TL;DR. It would be sacrilegious to visit Lyon and not make a pilgrimage to chocolate maker and chocolatier, Bernachon.
In the two days I spent in Lyon, I was pretty disappointed with the pastry selection. While pink pralines are a specialty, I just couldn’t get over the artificial hot pink coloring of the pastries. Lucky for me, I found Bernachon, a legendary chocolate maker and chocolatier, whose delicate morsels of cacao are only available from their flagship in Lyon (and one store in Paris). Had I known that their chocolates would be so hard to source outside of France, I would’ve filled my luggage with more of this sweet sweet contraband.
At Bernachon, they roast and grind their own cacao, in addition to creating the chocolate confections that we consume as an end product. These days, it’s pretty rare to find a producer that works end-to-end from bean to bon-bons, let alone a lineage of chocolate making that has been passed down through three generations (to the grandson of Paul Bocuse, nonetheless!). David Lebovitz has a great post on his blog that explains the difference between chocolatiers and chocolate makers, if you want to learn more. Naturally it was through his blog that I learned about Bernachon (David lives in Paris, so I checked to see if he had recommendations for Lyon).
There was definitely sticker shock when I spent €50 on 300 grams of their signature palet d’or (dark chocolate ganache bon-bons flaked with gold leaf) and two tablette bars. Money, which was very well spent, and which I wished I had spent more of.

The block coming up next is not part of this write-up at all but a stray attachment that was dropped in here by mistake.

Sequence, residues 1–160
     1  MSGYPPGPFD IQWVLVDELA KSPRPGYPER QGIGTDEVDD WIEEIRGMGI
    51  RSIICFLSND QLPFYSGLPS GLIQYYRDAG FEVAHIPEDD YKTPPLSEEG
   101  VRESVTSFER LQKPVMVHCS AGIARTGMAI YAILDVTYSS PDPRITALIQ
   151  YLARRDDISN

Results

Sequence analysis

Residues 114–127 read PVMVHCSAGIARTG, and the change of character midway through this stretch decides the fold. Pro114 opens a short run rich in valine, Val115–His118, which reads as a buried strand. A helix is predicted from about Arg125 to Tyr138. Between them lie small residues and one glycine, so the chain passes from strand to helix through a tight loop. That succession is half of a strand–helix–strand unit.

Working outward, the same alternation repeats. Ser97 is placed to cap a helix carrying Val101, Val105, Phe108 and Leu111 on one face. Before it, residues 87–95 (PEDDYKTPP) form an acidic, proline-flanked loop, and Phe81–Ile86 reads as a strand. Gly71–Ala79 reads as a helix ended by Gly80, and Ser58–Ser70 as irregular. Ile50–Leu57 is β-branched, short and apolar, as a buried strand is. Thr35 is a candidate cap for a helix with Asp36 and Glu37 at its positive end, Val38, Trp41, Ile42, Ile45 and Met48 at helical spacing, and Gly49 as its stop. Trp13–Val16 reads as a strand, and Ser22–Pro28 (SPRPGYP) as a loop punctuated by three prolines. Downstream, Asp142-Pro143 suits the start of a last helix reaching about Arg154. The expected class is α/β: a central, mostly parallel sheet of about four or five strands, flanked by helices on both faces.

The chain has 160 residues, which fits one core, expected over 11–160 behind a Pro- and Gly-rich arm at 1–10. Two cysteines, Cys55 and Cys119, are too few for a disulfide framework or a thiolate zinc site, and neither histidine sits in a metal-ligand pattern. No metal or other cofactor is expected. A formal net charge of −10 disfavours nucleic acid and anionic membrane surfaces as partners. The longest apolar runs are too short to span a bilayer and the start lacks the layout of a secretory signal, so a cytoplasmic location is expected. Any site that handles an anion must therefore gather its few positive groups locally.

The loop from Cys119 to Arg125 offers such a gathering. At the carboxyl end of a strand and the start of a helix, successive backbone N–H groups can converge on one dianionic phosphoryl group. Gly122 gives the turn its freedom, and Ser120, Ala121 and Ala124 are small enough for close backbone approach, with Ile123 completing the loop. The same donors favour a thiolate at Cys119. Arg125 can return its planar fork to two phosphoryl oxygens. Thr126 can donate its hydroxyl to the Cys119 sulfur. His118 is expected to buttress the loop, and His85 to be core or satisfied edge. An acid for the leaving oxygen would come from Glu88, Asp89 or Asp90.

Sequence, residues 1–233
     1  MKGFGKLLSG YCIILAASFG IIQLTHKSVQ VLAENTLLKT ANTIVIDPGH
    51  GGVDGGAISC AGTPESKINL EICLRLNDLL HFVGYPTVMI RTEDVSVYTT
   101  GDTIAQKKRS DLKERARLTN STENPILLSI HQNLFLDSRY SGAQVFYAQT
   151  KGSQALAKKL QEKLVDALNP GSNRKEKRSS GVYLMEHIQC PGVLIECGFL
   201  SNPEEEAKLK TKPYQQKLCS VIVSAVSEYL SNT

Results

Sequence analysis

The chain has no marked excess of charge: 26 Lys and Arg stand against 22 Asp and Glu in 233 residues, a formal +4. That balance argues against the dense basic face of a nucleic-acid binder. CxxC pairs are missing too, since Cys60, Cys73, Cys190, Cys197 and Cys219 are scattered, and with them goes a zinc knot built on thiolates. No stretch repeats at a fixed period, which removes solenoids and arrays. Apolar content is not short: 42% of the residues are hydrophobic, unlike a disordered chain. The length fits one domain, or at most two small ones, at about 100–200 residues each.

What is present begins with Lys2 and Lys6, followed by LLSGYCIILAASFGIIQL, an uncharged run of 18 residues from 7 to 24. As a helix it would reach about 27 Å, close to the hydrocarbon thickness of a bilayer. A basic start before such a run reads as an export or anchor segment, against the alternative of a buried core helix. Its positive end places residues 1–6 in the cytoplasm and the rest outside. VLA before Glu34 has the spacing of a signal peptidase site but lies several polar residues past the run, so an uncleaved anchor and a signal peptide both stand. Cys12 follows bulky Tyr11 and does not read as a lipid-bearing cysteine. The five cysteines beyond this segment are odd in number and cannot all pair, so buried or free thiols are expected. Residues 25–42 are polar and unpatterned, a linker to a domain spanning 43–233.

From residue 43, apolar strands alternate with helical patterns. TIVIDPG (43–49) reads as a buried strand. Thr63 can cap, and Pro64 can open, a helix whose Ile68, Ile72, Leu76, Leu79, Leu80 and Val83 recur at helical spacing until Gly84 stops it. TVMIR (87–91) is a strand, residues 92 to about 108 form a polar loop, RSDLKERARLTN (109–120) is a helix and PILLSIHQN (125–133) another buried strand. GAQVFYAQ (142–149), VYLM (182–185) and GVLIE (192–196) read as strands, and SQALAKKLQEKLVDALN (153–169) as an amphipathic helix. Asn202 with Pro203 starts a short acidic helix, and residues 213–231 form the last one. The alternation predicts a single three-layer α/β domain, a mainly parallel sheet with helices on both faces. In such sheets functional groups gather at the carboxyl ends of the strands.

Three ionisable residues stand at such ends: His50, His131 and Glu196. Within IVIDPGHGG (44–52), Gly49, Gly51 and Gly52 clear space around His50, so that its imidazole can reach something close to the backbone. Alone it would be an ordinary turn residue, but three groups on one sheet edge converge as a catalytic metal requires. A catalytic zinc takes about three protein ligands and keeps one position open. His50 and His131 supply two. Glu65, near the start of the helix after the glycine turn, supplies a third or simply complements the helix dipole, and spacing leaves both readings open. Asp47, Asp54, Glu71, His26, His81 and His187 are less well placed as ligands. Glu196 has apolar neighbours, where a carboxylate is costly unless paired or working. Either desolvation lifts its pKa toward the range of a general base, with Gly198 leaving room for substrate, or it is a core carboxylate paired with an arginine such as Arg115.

I’m not sure what compelled me to do so, but I decided to wait to savor the chocolates in good company. I was in Lyon by myself and after many indulgent meals, I was happy to hold off on enjoying my treats. That was mistake #1. Had I known what I was getting myself into, I would’ve happily thrown myself into the deep end.
Over the next two weeks, I gingerly transported the chocolates in my carry-on, in my backpack, and always on my person, to avoid any chance of them melting. I will never forget the smell of the cacao as I opened the ballotin. When I finally bit into one of the bon-bons, the experience was transcendent–some of the smoothest, full-bodied dark chocolate ganache I’ve ever had.
I waited another two weeks to try the bars that I had brought back to Australia for Rob. The Jour et Nuit was half chocolate and half milk and the Amandine was a dark chocolate bar with almonds. The former was not my cup of tea (not a milk chocolate fan, and the chocolate was very milky), but the latter was the best chocolate bar I have ever laid my taste buds on. The whole almonds were blanched and lightly candied and then encased in a tablette of dark chocolate.
In case you ever make it over to Lyon, I’ll have a dark chocolate tablette s’il vous plaît. In the meantime, I’ll placate myself with Guittard and Recchiuti, respectively my favorite chocolate maker and chocolatier in San Francisco.